© 2014, Instituto Nacional de Salud. All rights reserved. This article is a review of the pollution of water, air and the effect of climate change on the health of the Peruvian population. A major air pollutant is particulate matter less than 2.5 μ (PM 2.5). In Lima, 2,300 premature deaths annually are attributable to this pollutant. Another problem is household air pollution by using stoves burning biomass fuels, where excessive indoor exposure to PM 2.5 inside the household is responsible for approximately 3,000 annual premature deaths among adults, with another unknown number of deaths among children due to respiratory infections. Water pollution is caused by sewage discharges into rivers, minerals (arsenic) from various sources, and failure of water treatment plants. In Peru, climate change may impact the frequency and severity of El Niño Southern Oscillation (ENSO), which has been associated with an increase in cases of diseases such as cholera, malaria and dengue. Climate change increases the temperature and can extend the areas affected by vector-borne diseases, have impact on the availability of water and contamination of the air. In conclusion, Peru is going through a transition of environmental risk factors, where traditional and modern risks coexist and infectious and chronic problems remain, some of which are associated with problems of pollution of water and air.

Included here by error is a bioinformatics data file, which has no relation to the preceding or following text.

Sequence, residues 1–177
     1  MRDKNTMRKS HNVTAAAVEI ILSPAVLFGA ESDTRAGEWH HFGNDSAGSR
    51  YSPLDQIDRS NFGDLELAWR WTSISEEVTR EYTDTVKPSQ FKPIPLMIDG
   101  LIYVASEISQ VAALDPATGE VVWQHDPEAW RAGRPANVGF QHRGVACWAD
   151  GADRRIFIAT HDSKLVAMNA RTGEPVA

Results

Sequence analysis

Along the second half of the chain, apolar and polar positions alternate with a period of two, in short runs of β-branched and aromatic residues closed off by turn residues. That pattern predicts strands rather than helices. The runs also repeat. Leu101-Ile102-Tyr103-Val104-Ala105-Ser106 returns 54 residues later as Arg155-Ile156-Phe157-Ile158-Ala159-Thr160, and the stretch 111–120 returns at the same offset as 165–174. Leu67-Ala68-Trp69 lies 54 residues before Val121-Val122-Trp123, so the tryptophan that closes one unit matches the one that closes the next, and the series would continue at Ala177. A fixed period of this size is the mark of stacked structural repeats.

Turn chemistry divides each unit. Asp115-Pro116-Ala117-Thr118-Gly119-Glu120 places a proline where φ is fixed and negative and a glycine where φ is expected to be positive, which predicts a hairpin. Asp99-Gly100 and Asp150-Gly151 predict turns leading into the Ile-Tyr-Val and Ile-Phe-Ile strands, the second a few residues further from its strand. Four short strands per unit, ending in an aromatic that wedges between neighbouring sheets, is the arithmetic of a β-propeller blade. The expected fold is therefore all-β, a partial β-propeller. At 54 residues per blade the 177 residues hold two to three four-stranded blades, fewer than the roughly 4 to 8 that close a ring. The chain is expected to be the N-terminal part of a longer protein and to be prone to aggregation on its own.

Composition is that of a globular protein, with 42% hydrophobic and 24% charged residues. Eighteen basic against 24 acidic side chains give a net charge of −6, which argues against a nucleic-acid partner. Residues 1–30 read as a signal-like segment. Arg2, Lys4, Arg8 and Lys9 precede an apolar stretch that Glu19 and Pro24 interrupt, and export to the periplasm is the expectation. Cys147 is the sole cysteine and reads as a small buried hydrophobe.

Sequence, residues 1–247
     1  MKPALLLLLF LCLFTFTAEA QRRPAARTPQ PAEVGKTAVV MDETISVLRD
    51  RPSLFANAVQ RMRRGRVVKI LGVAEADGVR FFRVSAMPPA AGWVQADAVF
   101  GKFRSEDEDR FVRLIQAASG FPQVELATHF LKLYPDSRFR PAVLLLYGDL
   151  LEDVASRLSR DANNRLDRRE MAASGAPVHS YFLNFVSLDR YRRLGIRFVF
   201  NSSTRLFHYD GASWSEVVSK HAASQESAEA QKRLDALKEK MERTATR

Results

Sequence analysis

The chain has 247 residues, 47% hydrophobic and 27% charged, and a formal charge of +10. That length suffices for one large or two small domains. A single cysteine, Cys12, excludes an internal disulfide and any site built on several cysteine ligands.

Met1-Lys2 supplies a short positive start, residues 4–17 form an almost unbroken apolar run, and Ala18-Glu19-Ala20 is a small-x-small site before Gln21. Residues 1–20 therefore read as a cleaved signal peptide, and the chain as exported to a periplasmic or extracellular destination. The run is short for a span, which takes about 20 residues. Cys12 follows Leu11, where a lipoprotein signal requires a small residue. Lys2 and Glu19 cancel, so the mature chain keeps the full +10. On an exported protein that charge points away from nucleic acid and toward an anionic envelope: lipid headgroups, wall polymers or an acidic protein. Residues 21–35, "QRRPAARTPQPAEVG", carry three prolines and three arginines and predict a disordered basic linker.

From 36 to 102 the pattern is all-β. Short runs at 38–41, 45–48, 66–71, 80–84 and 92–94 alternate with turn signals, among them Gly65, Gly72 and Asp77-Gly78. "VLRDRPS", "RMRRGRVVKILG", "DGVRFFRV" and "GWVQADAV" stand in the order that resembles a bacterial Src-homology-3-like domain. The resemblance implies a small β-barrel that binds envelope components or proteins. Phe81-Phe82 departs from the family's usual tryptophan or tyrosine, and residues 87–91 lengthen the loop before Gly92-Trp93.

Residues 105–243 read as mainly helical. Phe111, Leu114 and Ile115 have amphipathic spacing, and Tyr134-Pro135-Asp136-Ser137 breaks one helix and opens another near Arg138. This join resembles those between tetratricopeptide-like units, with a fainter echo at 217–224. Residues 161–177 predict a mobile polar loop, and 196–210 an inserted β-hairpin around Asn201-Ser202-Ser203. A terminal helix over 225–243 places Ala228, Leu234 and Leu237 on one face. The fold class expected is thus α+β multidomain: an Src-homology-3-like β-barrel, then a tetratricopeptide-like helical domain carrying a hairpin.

|Original language||American English|
|Number of pages||10|
|Journal||Revista Peruana de Medicina Experimental y Salud Publica|
|State||Published - 1 Jan 2014|
Gonzales, G. F., Zevallos, A., Gonzales-Castañeda, C., Nuñez, D., Gastañaga, C., Cabezas, C., Naeher, L., Levy, K., & Steenland, K. (2014). Environmental pollution, climate variability and climate change: A review of health impacts on the peruvian population. Revista Peruana de Medicina Experimental y Salud Publica, 547-556.